The project, directed by Fundación Mar Adentro in collaboration with the Ignatian University Center of Alberto Hurtado University, is permanently exhibited in one of the inner walls of GAM Cultural Center. There also is a giantography announcing the mural and background information in the Universidad Católica subway station.
On June 6th, an opening was held in the Gabriela Mistral Cultural Center (GAM) revealing a mural created by 25 Haitian children, ages 6 to 15, together with outstanding Chilean illustrators Matías Prado, Tomás Olivos, Daniela William and Sebastián Ilabaca, that depicts their vision of their life in Chile.
Zanmi, which means friend in Creol, which is also the name of the Spanish courses offered and conducted by the Ignatian University Center of the Alberto Hurtado University for Haitian children and adults in the commune of Estación Central. A group of children attending these courses held an art workshop with the four illustrators in December 2016, which led to the creation of a first smaller scale mural that was installed in GAM in January 2017 to accompany the exhibition of Haitian painter Edouard Duval-Carrié. As a result of all the positive outcomes of this activity, the Cultural Center proposed for this mural to become a permanent design within their facilities at a much larger scale.
The 8 x 6 meter mural was installed on the second floor of building B, visible from the central square for all visitors. Felipe Mella, director of GAM, together with the Minister of Culture, Ernesto Ottone, have praised this project for its positive demonstration of diversity and the appreciation for immigration, which can result in enriching our country with new eyes and thoughts. The director of Art, Culture and Education of Fundación Mar Adentro explained that the mural is a collaborative art project which follows the foundation’s spirit to promote initiatives that incite joint ideas and reflections.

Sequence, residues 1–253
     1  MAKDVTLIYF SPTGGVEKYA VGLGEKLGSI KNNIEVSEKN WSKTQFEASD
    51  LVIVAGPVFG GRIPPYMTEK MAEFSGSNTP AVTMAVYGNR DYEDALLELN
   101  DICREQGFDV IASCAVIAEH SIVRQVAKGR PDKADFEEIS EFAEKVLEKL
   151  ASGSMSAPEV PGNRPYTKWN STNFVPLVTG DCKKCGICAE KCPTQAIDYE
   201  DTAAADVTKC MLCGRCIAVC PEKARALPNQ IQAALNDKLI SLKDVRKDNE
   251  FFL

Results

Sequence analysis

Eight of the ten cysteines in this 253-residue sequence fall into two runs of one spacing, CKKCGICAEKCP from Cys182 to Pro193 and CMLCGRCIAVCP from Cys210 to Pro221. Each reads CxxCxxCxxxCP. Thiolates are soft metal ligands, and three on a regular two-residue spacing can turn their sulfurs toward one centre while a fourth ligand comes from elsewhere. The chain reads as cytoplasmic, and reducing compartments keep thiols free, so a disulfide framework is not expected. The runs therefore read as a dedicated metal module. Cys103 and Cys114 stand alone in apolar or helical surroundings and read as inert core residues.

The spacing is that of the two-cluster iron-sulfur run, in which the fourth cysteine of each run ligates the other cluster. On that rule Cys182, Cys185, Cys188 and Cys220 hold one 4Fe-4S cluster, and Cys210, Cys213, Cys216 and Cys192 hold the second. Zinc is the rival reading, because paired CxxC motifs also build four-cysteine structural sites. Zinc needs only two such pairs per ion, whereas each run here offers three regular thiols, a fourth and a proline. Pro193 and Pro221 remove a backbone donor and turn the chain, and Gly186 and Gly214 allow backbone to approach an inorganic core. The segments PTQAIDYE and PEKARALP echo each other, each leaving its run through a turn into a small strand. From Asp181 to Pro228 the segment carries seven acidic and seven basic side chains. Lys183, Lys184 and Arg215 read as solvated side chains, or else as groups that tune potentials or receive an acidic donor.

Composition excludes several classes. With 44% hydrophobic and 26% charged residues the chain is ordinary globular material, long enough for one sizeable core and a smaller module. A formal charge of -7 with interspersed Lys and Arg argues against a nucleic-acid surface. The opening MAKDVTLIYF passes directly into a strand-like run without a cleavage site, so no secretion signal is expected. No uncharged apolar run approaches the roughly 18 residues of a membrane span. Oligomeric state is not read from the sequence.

“As a foundation we are interested in the artistic process in which the integration of migrations is reflected. Children are just forming their identities, their visions are unprejudiced, transcending territories. In the workshops what we saw was their need to adapt quickly to this new home that is now Chile. That’s why their drawings make up a rich iconography of diversity,” says Madeline Hurtado, president of Fundación Mar Adentro.
GAM was eager to host the Zanmi mural due to their interest in issues of inclusion and participation. “The mural makes visible the cultural change that is taking place in Chile thanks to the wealth that the migrants who come to our territory give us,” says Felipe Mella, executive director of GAM.
On the other hand, Rubén Morgado, director of the Ignatian University Center comments that “community work enhances creativity because it considers and appreciates the value that one is able to see when different ages, lifestyles and cultures come together under one common purpose. It is a reason for gratitude and ké kontant (joy in Creol), because the invisible ones are made visible through art.”
The work is also announced in a large reference gigantography at the northern exit of the Universidad Católica subway station, thanks to an alliance between Metro and GAM. Both institutions work with migration contents that generate greater openness and empathy: “We want our passengers to be inspired by these cultural manifestations that open us to new worlds,” says Javier Pinto, executive director of the MetroArte Cultural Corporation.